An S/PDIF Sound Card Using The PCM2906

When S/PDIF became available in the Teensy Audio Library I thought this might be the solution to ground loop problems I’d been having when interfacing projects to my PC. However, I quickly realized I didn’t have any sound cards with an S/PDIF interface.

In the belief that I’d rather build than buy I decided to update one of my previous projects, a PCM2904 based sound card, to include an S/PDIF interface. The update was a cinch because TI has a pin-for-pin replacement for the PCM2904 (the PCM2906) with an S/PDIF interface. All I had to do was replace the audio jacks with fiber-optic transmitter/receivers connected to the appropriate pins.

The resulting schematic and prototype are shown below. (If you’re interested, the boards are available through OSH Park)


SPDIF Sound Card Schematic

SPDIF Sound Card Prototype

There’s not a lot to it. It’s simply the reference circuit from the PCM2906 data sheet with portions I don’t expect to use eliminated.

Testing The Interface

To test the interface I looped the transmitted fiber optic signal back to the receiver. When plugged into my Linux laptop it registered as a Texas Instruments PCM2906C Audio Codec as shown below.

Bus 004 Device 003: ID 058f:6366 Alcor Micro Corp. Multi Flash Reader
Bus 004 Device 002: ID 8087:0024 Intel Corp. Integrated Rate Matching Hub
Bus 004 Device 001: ID 1d6b:0002 Linux Foundation 2.0 root hub
Bus 003 Device 004: ID 1bcf:2c02 Sunplus Innovation Technology Inc. 
Bus 003 Device 003: ID 413c:3016 Dell Computer Corp. Optical 5-Button Wheel Mouse
Bus 003 Device 002: ID 8087:0024 Intel Corp. Integrated Rate Matching Hub
Bus 003 Device 001: ID 1d6b:0002 Linux Foundation 2.0 root hub
Bus 002 Device 001: ID 1d6b:0003 Linux Foundation 3.0 root hub
Bus 001 Device 013: ID 08bb:29c6 Texas Instruments PCM2906C Audio CODEC
Bus 001 Device 001: ID 1d6b:0002 Linux Foundation 2.0 root hub

Starting up the PulseAudio Volume Control and playing back a file using VLC, I could see the input and output audio levels varying with the signal from VLC.

If you want to actually hear the looped back audio you can use the PulseAudio loopback module.

  1. Open a terminal and execute the command shown below. The result will be a list of names associated with alsa modules, sources, and sinks.

    pactl list | grep Name:
  2. Look for the alsa analog stereo output to identify the sink. On my system it takes the form alsa_output.pci-0000_00_1b.0.analog-stereo.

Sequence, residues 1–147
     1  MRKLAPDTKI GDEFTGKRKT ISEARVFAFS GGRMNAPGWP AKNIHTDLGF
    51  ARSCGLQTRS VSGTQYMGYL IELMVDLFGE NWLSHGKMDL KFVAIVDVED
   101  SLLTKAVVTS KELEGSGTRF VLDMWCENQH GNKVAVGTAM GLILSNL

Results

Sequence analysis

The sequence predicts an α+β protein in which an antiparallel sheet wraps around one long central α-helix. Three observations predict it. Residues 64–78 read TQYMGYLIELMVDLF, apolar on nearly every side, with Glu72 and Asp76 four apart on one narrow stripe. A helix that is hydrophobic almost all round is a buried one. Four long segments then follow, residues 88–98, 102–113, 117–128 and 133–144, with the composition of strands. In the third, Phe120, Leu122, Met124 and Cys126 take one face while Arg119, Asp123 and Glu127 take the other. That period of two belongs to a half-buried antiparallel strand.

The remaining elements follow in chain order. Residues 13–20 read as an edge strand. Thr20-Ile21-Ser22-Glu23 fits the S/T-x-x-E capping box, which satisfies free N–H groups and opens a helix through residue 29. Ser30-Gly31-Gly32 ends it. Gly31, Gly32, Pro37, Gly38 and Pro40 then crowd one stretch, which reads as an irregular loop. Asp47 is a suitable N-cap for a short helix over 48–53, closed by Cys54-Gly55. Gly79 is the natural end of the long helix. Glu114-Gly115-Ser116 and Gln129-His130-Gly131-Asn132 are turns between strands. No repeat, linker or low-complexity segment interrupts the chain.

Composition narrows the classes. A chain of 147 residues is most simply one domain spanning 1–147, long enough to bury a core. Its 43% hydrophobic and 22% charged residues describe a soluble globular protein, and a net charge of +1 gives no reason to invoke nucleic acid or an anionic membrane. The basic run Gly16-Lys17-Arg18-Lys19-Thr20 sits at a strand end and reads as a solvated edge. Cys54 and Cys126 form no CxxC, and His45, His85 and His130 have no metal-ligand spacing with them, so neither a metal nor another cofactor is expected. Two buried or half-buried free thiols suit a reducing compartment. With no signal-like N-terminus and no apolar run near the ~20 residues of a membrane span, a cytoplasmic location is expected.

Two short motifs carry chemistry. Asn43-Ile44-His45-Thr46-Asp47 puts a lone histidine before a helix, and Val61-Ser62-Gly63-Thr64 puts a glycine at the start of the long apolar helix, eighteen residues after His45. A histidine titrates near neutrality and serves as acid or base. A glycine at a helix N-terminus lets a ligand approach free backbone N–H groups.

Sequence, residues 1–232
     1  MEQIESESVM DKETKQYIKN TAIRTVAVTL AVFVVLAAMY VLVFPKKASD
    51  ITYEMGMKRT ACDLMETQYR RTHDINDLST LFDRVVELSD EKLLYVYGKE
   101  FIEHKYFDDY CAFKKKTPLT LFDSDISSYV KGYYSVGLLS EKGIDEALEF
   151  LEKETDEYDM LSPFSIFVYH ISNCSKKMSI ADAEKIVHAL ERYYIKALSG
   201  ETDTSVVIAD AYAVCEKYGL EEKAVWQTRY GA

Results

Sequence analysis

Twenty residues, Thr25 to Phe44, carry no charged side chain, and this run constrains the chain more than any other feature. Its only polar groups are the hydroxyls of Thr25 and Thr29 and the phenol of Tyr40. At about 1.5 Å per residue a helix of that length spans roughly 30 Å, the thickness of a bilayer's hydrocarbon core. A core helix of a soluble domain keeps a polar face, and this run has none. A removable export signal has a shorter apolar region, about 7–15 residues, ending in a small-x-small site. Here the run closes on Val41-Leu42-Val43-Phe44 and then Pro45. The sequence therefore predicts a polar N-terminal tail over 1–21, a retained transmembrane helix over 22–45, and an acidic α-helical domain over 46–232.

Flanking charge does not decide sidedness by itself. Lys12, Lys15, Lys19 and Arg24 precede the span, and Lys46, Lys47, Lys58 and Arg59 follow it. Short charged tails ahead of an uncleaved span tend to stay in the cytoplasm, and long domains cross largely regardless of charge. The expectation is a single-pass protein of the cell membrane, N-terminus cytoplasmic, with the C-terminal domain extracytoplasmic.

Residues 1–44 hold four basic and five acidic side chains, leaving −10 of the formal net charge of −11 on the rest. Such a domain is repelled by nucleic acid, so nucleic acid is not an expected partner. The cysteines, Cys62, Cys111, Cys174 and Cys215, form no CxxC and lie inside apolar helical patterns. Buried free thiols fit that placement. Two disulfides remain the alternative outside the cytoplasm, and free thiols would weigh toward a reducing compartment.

3. Look for the PCM2906 input to identify the source. Ony my system it took the form alsa_input.usb-BurrBrown_from_Texas_Instruments_USB_AUDIO_CODEC-00.analog-stereo.

  4. Open a terminal and execute the command:

    pactl load-module module-loopback source=<source_name> sink=<sink_name>

    where <source_name> and <sink_name> are those identified above. Please note the source and sink names are case sensitive.

You should now hear the looped-back audio through your system speakers.

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3 Comments

  1. I apologize this isn’t posted to the appropriate article, but that page doesn’t seem to accept comments.

    The links to Batch PCB for the PCM-2904 Audio Digitizer and Sound Card don’t work, and only take me to their main page. Do you have updated links, or know where I can find finished PCBs for one or both of these? I searched in their Shared Projects, but couldn’t find your boards. I’m very, very interested in building PCM-2904 codecs for my custom analog front-end that I’m building for a project. It’s prototyping now, but it will move to small-scale manufacturing and it would be nice to have finished PCBs to use, as I’m not great at designing PCB layouts.

    Thanks!!

    • joesugar

      Thanks for letting me know about the links. To remedy that I’ve pushed the Eagle files for the PCM2904 sound card and A2D to my GitHub repo. You can pull them down from https://github.com/joesugar/PCM2904_SoundCard_Interface.

      Fair warning though. I’m not a professional PCB designer so I make no guarantees :).

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